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Posted 08 April 2012 - 06:57 PM

Don't get too judgemental, far as I can see you're pretending to be unbiased.

#978 TMF

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Posted 08 April 2012 - 07:00 PM

Where are you getting this? Everything I've read said that followed Martin and called the police, just like neighborhood watch is supposed to do.

He didn't chase him down the street or anything. Any it looks like Martin approached Zimmerman, not the other way around. But don't let that interrupt your witch hunt. Cheers!


Witch hunt is a little dramatic and unnecessary. He is on the phone with 911 following him then getting out of his vehicle to pursue on foot. That is not the role of neighborhood watch. His duties were to call the police and that's all. Martin hadn't committed any crime. If he was burglarizing one of Zimmerman's neighbors my opinion would be the other way.

I welcome anyone here to just go out and start following someone at night who is minding their own business and see where that road leads you.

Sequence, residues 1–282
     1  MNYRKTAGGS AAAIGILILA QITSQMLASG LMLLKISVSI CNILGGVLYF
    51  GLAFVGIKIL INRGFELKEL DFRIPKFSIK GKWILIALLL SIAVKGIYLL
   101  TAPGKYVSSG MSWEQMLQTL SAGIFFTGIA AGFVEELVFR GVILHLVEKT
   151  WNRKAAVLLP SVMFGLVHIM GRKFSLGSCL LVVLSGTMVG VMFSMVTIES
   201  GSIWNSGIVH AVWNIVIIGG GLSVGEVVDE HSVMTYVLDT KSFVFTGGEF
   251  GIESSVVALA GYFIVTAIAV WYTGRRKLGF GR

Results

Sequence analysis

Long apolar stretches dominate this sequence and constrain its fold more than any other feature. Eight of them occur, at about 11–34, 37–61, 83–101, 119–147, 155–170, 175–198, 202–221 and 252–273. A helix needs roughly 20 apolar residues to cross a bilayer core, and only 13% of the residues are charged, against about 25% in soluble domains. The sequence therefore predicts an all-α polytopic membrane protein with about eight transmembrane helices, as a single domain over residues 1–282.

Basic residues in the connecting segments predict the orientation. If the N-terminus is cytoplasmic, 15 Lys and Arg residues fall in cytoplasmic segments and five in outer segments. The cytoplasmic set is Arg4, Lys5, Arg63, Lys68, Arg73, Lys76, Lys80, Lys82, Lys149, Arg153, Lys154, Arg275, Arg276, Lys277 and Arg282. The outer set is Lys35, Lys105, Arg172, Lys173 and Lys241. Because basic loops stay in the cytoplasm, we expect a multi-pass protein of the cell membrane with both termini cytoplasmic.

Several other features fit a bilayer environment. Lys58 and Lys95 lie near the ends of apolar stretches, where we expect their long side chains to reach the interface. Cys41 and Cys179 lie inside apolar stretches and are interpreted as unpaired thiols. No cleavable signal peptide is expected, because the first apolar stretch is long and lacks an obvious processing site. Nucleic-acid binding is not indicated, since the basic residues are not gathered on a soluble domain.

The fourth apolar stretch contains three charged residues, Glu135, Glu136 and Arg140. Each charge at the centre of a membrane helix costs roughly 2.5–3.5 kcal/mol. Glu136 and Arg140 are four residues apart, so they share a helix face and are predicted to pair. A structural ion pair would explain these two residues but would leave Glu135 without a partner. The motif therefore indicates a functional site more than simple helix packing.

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#979 TMF

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Posted 08 April 2012 - 07:01 PM

Don't get too judgemental, far as I can see you're pretending to be unbiased.


No, I'm very clear what my opinions are and why I have them. What ever biases I have I am aware of and will freely admit to you. One of those biases is against wanna be mall ninjas.

#980 6.8 AR

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Posted 08 April 2012 - 07:05 PM

I have enough of a problem "policing" my own back yard. I don't intend on following where my abilities
might be limited. and I have had to go out back at night a bunch of times. I'm usually not thrilled at
having to do it.

From everything I read, I didn't get that he was a mall ninja. Of course, that doesn't mean very much.